In 1945, when the military exclusion ban was lifted, Obata was reinstated as an instructor at the University of California, Berkeley. In 1949 he was promoted to Associate Professor of Art. A popular professor, Obata played a pivotal role in introducing Japanese art techniques and aesthetics that became one of the distinctive characteristics of the California Watercolor School. His solo shows resumed, as did his sketching and painting trips in the high country, often with the Sierra Club. In 1954 he retired from U.C. Berkeley. University president Robert Sproul stated, "When you came to the Berkeley campus you brought with you the outlook of another land, a special background and training, the knowledge of special techniques. Transplanting to the West the art of the East, you infused into the Art Department an element that has given it singular distinction." Starting in 1954, Chiura and his wife Haruko (an ikebana teacher) led the first of the "Obata Tours" to Japan, taking Americans on regular visits to renowned gardens, temples, and art treasures in Japan; that same year, he became a naturalized U.S. citizen. From 1955 to 1970, Obata traveled throughout California, giving lectures and demonstrations on Japanese brush painting, and leading tours. In 1965 he received the Zuihô-shô (Order of the Sacred Treasure: 瑞宝章), 5th Class, Emperor's Award, for promoting good will and cultural understanding between the United States and Japan. Still intent on sharing his knowledge of the art of painting, Obata published an instruction booklet, Sumie, in 1967, and a guidebook, Through Japan With Brush and Ink, in 1968.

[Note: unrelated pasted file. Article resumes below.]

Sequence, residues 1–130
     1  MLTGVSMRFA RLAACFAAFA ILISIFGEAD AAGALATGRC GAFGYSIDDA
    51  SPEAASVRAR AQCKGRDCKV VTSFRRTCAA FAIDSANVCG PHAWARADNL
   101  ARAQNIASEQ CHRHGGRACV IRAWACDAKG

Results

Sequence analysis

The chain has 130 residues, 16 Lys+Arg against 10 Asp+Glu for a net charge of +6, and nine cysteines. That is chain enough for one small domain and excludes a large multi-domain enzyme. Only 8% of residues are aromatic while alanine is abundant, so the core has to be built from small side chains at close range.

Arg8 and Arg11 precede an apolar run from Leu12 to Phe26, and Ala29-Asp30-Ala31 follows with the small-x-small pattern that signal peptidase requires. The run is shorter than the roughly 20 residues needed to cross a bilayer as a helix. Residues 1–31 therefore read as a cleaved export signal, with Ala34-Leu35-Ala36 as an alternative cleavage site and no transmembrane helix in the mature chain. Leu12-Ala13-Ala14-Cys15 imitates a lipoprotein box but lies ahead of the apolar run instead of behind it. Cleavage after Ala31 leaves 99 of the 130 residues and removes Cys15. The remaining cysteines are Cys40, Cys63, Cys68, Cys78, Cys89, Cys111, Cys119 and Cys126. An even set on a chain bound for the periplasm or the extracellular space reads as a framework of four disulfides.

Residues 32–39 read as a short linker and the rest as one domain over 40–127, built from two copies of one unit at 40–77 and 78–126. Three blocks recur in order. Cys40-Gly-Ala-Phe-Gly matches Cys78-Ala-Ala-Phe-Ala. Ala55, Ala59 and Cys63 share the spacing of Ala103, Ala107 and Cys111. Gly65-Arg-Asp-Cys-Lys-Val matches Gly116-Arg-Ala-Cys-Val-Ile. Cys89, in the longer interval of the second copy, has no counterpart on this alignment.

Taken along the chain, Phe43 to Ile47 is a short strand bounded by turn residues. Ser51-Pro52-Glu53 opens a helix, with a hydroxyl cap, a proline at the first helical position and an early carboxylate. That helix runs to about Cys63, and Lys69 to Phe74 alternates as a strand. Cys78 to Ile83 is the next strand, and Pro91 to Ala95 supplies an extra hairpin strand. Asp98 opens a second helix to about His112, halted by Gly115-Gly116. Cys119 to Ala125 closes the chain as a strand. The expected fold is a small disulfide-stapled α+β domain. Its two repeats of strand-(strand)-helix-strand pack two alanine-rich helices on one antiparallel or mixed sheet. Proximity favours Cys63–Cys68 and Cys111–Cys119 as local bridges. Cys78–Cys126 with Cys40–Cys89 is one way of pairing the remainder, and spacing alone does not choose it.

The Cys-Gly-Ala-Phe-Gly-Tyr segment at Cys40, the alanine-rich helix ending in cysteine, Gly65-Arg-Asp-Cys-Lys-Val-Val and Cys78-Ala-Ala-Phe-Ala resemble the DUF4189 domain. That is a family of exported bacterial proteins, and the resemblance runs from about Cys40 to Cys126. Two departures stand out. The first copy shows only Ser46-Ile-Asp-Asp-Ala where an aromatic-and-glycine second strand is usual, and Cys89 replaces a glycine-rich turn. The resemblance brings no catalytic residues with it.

Posthumous exhibitions of Obata's works have been given by the Oakland Museum, the Smithsonian Institution, and, in 2000, the M. H. de Young Memorial Museum in San Francisco. The Smithsonian American Art Museum organized an exhibition of Obata's Yosemite woodblock prints, shown at the American Art Museum in Washington, DC in early 2008 and then at the Wichita Falls Museum, Wichita, TX (2008) and Federal Hall National Memorial, National Park Service, in New York City (2009). The Smithsonian American Art Museum (Renwick Gallery) houses works by Obata, including a set of progressive proofs numbering 130 in total for the design "Evening at Carl Inn" (1929-30). Other institutions with works by Obata include the Crocker Art Museum, Sacramento, CA; Oakland Museum of California, Oakland, CA; San Diego Museum of Art, San Diego, CA; and the Yosemite Museum, Yosemite National Park, CA.
Although many of Obata's paintings and watercolors feature natural realism, he was more interested in capturing kiin seidô ("living moment": 気韻生動), i.e., the essential nature of a scene. This quality of observation and perceptiveness was transmitted through the artist's intuitive connection with the spirit of the subject. Kiin seidô is evident in Obata's painting through the interplay of wet and dry brush strokes, and simplified forms and empty space — enhanced with pale colors. The energy of Obata's brushwork is an expression of living natural beauty. Remarkably, Obata succeeded in capturing the essence of his approach to painting in his woodcuts, and it is often the printed works that are the most familiar to collectors and curators.